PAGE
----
Architects, interior designers, and healthcare institutions claim to have created a healing environment, however, they rarely investigate deeply into the needs of the users in order to fully understand how the environment may impact them.
The design process has become increasingly complex and requires more and more attention to coordinating the consultants and specialists involved. With so many stakeholders in a design process, the attention paid to the true stakeholders, the users of the building, often flags, resulting in environments that do not ‘fit’ well. This fit can be significantly improved by involving Environmental Psychologists in the design process. Their role is to simply focus on the specific needs and wishes of the various users, to bring this information to the design table during the different stages of the design, and to explain the value of the specific design-behavior relationships to the designers and the client-team.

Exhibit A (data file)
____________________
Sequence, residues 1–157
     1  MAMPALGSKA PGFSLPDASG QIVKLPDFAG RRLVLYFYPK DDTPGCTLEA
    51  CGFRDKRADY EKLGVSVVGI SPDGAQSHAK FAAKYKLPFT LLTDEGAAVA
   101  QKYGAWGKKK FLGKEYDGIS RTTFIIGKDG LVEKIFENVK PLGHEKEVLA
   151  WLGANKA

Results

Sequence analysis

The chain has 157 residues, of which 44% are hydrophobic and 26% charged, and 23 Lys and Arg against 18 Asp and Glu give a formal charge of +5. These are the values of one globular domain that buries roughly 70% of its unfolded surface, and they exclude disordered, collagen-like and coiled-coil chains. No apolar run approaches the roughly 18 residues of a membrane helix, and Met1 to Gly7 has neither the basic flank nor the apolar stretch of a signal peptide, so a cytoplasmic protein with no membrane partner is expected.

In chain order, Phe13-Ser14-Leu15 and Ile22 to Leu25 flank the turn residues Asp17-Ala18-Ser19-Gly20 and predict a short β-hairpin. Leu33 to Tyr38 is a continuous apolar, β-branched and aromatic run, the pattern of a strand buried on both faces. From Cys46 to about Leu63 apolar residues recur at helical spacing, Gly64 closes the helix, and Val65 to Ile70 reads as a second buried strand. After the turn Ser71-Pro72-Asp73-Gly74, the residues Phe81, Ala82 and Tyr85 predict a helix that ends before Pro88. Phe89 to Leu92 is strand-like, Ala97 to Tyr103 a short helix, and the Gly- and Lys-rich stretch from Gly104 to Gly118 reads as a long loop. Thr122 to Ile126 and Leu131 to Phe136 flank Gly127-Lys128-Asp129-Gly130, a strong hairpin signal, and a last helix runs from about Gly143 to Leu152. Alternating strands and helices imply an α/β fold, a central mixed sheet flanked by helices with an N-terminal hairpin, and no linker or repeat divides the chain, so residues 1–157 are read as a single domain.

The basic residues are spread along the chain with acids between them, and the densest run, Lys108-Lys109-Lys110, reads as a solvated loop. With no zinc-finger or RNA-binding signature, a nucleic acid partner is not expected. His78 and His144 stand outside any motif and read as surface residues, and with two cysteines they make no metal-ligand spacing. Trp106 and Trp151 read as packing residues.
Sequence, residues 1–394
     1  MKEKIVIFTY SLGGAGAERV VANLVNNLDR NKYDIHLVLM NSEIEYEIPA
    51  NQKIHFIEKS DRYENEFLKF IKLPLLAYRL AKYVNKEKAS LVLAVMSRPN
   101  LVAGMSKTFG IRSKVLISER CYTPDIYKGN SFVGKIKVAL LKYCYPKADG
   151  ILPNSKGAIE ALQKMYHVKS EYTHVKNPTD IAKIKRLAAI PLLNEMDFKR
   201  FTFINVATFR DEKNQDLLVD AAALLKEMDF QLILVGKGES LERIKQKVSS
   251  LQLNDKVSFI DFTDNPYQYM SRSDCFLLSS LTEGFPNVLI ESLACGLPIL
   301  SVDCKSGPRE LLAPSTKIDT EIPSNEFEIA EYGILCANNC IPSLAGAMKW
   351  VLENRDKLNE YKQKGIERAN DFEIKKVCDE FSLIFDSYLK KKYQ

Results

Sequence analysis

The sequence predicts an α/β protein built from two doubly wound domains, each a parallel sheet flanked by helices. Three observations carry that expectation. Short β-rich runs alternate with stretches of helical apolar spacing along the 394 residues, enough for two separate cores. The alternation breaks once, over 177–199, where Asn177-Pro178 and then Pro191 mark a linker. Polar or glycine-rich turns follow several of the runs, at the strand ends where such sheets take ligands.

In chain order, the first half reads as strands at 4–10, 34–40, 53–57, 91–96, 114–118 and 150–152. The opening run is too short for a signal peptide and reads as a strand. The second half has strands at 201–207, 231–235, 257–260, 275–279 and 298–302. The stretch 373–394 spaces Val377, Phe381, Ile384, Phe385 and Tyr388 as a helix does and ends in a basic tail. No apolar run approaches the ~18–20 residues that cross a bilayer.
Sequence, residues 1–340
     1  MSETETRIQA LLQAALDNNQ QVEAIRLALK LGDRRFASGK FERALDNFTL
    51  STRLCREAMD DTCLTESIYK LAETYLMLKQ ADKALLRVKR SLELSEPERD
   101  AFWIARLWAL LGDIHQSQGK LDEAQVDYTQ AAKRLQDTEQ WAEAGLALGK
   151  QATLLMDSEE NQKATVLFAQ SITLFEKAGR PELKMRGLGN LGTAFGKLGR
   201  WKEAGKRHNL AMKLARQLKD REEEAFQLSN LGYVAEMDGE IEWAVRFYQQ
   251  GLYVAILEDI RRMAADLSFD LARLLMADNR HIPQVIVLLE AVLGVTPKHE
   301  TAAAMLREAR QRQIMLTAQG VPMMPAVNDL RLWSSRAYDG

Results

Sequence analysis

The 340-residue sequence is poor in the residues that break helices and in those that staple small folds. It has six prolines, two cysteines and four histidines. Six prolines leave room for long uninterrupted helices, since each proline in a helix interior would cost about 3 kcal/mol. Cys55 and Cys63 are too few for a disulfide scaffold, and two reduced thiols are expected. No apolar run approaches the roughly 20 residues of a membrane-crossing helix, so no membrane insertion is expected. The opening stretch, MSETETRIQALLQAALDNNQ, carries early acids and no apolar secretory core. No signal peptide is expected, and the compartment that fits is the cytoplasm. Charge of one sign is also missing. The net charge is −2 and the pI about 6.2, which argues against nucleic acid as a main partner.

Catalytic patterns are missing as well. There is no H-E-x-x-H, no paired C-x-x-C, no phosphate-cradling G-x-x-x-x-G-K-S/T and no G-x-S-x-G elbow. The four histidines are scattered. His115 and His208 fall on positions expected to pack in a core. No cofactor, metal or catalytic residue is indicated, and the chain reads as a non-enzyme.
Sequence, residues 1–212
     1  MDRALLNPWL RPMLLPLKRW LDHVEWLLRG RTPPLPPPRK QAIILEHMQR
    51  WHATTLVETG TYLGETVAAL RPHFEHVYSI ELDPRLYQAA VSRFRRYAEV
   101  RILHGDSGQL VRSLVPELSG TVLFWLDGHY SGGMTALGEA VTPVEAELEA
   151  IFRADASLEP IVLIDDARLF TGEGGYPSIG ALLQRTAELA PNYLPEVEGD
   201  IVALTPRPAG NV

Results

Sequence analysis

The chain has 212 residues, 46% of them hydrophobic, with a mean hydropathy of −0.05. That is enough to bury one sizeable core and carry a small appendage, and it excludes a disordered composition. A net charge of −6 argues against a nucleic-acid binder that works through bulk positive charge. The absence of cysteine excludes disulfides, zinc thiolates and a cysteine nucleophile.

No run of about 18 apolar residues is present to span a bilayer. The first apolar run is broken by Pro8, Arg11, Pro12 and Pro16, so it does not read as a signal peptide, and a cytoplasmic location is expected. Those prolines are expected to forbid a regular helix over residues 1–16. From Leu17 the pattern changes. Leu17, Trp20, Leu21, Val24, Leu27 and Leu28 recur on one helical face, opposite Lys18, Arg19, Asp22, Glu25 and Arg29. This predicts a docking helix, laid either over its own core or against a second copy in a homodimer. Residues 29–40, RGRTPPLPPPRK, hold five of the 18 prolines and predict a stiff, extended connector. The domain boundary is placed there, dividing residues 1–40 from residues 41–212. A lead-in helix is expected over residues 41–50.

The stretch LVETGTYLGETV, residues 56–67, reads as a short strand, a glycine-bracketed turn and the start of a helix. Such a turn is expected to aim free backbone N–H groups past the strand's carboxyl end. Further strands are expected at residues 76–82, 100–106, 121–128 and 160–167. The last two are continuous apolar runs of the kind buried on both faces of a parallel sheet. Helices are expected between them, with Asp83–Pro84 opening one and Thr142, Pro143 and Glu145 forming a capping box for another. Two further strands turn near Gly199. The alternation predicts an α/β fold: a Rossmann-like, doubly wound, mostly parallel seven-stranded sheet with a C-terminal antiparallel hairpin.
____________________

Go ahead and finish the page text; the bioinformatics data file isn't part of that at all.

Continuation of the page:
For instance, how can the environment contribute to the efficiency and productivity of staff? How can a hospital lower stress and increase well-being of patients? How can the learning ability of children in schools be improved? How can we enhance safety in parks and lower crime in cities? Answers to these questions can help clients define strategic objectives and design goals: the vision and guiding principles of a design. These strategic objectives (e.g. lower crime, increase patient safety, increase staff satisfaction) help guide the design process by giving direction when tough decisions need to be made.
A true Healing Environment is an environment that reflects the needs and wishes of all future users. A building can enhance or diminish users’ efficiency, well-being and satisfaction. It pays off to really dig in. The attention, time, and devotion spent early in the design process will result in a building that actually ‘fits’; a place where people flourish. So why not do it right the first time?!